GUWAHATI, March 11 - �The present idea of development has deeply and fundamentally no knowledge of the people. We have already lost a lot of time linking democracy only with elections and electoral politics and not capturing the truth different societies represent.�
Professor Shiv Vishwanathan, eminent intellectual and social scientist, while delivering the Munin Barkotoki Memorial Lecture today, highlighted that India needed to become a nation of storytellers to sustain the diversities it has and also to sustain the democracy that has its roots in the diversities of the country.
Prof Viswanathan, who teaches at Jindal Global Law School and is a pioneer in the field of science and technology studies, while highlighting the fact that the language of development and the language of the Constitution have never understood India in its entirety, said that writers have the responsibility to play the role of the Opposition in a democracy by airing issues neglected during mainstream policy-making.
Beginning with the works of UR Ananthamurthy and Mahasweta Devi, Prof Viswanathan explained how the writers can be the custodians of marginal and defeated imagination which, in fact, should have Constitutional representation.
�It is a fantastic moment for writers to take on the role of the Opposition. Writers as storytellers can become the custodians of memories to give adequate space to the dissenting imagination,� he added.
The Munin Barkotoki Literary Awards for the years 2015 and 2016 were also given away today in the function presided over by eminent journalist and writer Dhirendra Nath Bezboruah. Each of the awards carries a citation, a memento, a collection of books and cash amounts.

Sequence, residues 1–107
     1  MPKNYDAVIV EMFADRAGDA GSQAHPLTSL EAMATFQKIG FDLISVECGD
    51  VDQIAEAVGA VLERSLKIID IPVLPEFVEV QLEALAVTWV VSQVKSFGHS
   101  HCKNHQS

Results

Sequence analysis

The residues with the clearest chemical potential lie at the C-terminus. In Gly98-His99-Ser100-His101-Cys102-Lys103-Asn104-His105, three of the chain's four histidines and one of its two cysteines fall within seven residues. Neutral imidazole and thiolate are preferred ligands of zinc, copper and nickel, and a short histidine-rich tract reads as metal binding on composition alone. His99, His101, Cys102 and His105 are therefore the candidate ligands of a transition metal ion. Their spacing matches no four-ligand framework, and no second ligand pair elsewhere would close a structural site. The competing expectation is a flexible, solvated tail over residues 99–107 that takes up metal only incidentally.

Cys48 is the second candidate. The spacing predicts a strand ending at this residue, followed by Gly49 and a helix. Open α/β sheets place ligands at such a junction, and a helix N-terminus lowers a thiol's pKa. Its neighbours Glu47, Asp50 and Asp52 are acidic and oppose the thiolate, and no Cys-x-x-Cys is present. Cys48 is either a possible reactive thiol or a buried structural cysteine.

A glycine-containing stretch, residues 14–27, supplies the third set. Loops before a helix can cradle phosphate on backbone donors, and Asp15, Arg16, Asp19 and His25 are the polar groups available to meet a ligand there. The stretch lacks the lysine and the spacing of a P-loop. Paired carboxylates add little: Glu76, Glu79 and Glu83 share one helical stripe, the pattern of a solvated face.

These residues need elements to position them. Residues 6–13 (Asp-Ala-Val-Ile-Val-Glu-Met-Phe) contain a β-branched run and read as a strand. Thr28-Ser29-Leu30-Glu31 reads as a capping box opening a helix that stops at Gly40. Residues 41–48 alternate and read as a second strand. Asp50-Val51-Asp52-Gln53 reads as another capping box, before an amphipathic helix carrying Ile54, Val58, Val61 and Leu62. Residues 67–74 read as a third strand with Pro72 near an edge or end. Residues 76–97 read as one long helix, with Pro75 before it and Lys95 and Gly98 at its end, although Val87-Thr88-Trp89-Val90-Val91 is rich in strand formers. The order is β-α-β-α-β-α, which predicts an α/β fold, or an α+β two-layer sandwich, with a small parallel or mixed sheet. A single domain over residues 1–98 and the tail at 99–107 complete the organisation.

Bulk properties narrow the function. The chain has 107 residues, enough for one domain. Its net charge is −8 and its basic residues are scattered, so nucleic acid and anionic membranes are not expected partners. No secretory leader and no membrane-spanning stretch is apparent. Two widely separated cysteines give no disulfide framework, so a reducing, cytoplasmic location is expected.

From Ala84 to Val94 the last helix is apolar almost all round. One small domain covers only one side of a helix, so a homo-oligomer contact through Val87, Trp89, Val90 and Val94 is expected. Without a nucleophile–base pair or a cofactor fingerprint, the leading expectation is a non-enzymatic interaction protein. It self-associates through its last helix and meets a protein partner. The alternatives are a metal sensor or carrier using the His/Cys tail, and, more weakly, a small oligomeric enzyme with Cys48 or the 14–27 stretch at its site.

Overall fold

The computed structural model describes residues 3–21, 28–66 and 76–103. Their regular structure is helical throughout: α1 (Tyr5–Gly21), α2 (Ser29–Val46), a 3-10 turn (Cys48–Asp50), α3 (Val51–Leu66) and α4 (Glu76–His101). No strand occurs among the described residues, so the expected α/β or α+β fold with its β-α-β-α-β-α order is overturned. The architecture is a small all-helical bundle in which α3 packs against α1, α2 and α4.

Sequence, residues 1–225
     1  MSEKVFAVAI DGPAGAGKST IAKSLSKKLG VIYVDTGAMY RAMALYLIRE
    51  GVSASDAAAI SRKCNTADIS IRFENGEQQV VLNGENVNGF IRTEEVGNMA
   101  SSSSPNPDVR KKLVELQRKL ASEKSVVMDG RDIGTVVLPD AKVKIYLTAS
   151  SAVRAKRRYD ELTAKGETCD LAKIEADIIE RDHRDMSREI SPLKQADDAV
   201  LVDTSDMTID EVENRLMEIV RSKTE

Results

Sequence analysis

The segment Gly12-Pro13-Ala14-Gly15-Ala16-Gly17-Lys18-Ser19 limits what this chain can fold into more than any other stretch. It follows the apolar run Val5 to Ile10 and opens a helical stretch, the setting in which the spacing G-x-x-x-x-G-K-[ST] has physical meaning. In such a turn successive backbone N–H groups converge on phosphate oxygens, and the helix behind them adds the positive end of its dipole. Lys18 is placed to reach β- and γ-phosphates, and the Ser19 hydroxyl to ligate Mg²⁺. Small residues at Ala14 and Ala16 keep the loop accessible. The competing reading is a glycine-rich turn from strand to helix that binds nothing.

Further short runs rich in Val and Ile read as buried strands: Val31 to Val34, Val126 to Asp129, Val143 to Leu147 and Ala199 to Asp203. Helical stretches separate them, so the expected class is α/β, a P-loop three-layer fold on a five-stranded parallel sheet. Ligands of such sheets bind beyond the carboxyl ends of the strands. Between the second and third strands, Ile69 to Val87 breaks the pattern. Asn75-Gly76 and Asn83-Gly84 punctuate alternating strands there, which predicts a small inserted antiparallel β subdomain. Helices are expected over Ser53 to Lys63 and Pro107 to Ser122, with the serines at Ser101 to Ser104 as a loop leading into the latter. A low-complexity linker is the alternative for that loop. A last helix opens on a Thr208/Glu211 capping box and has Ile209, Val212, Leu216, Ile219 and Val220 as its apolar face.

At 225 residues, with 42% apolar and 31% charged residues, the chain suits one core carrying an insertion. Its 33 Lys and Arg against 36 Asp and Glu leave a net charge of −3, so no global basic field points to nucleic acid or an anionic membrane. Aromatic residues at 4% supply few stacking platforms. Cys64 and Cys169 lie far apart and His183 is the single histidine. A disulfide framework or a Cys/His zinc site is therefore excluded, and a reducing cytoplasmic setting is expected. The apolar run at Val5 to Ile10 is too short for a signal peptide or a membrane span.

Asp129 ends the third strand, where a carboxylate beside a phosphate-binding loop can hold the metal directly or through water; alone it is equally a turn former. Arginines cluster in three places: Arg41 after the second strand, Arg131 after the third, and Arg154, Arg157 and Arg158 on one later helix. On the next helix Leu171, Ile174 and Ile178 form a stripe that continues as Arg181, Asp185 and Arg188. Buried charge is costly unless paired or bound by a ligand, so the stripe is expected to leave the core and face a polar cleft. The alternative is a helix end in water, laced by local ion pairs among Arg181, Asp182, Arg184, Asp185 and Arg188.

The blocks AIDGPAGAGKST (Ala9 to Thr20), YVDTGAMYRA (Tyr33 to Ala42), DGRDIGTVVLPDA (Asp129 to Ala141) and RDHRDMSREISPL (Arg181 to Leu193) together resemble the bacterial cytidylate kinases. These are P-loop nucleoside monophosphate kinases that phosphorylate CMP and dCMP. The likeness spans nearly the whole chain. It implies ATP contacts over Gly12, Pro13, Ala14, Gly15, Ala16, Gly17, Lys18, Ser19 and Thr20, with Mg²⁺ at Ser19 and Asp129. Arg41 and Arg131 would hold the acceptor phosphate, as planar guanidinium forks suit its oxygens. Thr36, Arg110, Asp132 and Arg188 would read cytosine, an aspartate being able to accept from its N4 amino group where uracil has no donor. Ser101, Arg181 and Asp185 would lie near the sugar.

Jyoti Khataniar and Pratim Barua received the Munin Barkotoki Literary Award for the year 2015. The same award for the year 2016 was given to Bhaskar Thakuria.
Khataniar�s award-winning work is a critical manuscript, Iman Somantoral Ne Segun Dudal. Making his mark as a literary critic, Khataniar is a publication consultant at the Krishna Kanta Handiqui State Open University.
Another recipient of the award, Pratim Barua, is a familiar name in Assamese poetry. His award-winning work is Aru Nibedita. Having three poetry collections to his credit, Pratim Barua�s poems have been published in leading newspapers.
The award winner for the year 2016, Dr Bhaskar Thakuria, is known for his unique style of storytelling that is reflected in his award-winning novel, Singhadwar. A writer and cultural worker, his writings cover a wide range of topics including social and scientific issues.